Out-of-the-box advice for veterinary professionals dealing with traumatic experiences
Hilal Dogan, BVSc, CCTP
Frequent Fetch dvm360 speaker Dr. Hilal Dogan practices medicine in Denver, Colorado. She started the Veterinary Confessionals Project as a senior veterinary student at Massey University in New Zealand.
What might coping with stressors in veterinary medicine look like if we allowed our physical response to trauma to take its course, rather than suppressing it?
There is an overwhelming energy associated with survival. Think of a deer in the peak of hunting season, when shots ring out. The gunshot incites a violent movement, but once the deer is in a safe place, it will tremble and shake-moving traumatic energy through its body.
Humans, however, often suppress overwhelming feelings associated with trauma. There's a gap between the body's response to stress and the emotional and physical manifestation we allow to occur.
Connecting the mind and body to cope with the stress of trauma was a topic at the annual International Trauma Conference, held in Boston in May. There, Michael Mithoefer, MD, a psychiatrist in South Carolina, emphasized the importance of “body work,” meaning physical, vibrational and expressive movement, for healing traumatic stress.
“If you are looking for a place to start, start with breathwork, specifically holotropic breathwork. This is a type of breathing that is relaxing but uses hyperventilation to move energy,” Dr. Mithoefer said. “You are depleting your brain of oxygen and blowing off excess carbon dioxide, so oxygen is more tightly bound to hemoglobin. Your body goes into respiratory alkalosis-and arterioles contract. You get less oxygen to the brain which stops the brain attention and shifts to physical attention. You are able to move out of your mind and into your body.”
Reconnecting with your body
Peter Levine, PhD, has spent 45 years studying psychological trauma and believes in the importance of restoring your connection between your mind, body and spirit to heal from trauma.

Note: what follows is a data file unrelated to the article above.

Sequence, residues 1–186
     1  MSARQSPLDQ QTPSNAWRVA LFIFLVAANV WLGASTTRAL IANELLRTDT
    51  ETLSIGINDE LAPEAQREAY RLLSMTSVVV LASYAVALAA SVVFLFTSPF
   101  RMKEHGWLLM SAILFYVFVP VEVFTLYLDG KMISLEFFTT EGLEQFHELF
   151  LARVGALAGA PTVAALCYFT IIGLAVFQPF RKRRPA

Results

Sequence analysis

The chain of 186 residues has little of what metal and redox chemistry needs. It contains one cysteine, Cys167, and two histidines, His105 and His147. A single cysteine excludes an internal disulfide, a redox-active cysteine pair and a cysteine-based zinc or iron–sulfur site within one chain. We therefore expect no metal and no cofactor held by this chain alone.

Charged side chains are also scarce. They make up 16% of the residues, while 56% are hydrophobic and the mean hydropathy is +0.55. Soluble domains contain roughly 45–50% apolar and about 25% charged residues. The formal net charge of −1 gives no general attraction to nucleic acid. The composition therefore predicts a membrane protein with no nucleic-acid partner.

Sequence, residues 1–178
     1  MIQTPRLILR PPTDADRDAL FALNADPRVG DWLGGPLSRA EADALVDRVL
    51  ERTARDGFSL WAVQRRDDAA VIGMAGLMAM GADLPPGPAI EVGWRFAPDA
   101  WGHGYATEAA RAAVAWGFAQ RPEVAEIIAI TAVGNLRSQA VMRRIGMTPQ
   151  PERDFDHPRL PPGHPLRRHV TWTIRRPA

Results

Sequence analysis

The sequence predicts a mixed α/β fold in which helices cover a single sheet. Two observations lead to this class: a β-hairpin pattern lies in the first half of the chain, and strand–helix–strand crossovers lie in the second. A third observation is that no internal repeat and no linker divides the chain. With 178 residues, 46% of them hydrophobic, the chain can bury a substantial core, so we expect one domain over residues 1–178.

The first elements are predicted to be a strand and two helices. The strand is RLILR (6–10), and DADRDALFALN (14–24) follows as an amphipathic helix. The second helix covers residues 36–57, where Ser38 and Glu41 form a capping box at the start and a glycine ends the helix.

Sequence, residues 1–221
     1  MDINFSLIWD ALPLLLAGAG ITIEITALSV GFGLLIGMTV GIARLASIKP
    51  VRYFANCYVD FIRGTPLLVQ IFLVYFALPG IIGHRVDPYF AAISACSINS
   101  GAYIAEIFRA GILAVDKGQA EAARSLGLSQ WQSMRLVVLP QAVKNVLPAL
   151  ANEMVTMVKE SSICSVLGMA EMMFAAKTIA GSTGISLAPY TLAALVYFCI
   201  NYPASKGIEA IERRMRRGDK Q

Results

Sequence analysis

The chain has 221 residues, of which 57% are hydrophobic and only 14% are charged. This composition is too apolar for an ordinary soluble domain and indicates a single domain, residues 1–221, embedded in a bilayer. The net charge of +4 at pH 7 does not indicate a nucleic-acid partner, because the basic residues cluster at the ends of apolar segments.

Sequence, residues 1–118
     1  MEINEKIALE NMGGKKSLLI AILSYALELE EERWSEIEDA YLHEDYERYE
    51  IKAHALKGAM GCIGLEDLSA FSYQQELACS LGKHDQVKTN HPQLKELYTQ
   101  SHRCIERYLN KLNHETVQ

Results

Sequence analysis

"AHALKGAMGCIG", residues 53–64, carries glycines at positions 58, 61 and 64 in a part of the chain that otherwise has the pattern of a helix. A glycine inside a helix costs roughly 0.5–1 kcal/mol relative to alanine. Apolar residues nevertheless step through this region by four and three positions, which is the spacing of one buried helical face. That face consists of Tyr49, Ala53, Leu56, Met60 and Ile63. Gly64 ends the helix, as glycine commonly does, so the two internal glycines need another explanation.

He is particularly involved in the applications of a technique he has created called "somatic experiencing." Somatic experiencing helps people identify where trauma may be stuck or frozen in their body and allows for movement of that energy to exit the body. This is done by being able to access body sensations, finding where you are tight or where you have collapsed. Dr. Levine outlines this in detail with specific exercises one can complete on their own in his book Waking the Tiger.
After years of treating trauma, Dr. Levine found that post-traumatic symptoms are, fundamentally, incomplete physiological responses suspended in fear. Little time is allotted for the working through of distressing events, and we are routinely pressured into adjusting too quickly in the aftermath of an overwhelming situation. While Somatic Experiencing is a specific form of therapy, the necessity to reconnect with our body as a means of healing is evident.
The mind-body-spirit connection
While the techniques mentioned here are specific to trauma therapy, almost every traumatologist advocates for the use of yoga, meditation, tai chi, acupuncture, art therapy, aromatherapy, martial arts, theater, music and even virtual reality as adjuncts to healing from trauma. They all on some level will end up employing you to use your breath or get in touch with your physical body.
Ultimately, traumatologists have acknowledged that there is no one way to heal from trauma, but rather a multimodal approach that is tailored to the individual using known techniques is best.
Frequent Fetch dvm360 speaker Dr. Hilal Dogan, a certified clinical trauma professional, practices medicine in Denver, Colorado. She started the Veterinary Confessionals Project as a senior veterinary student at Massey University in New Zealand.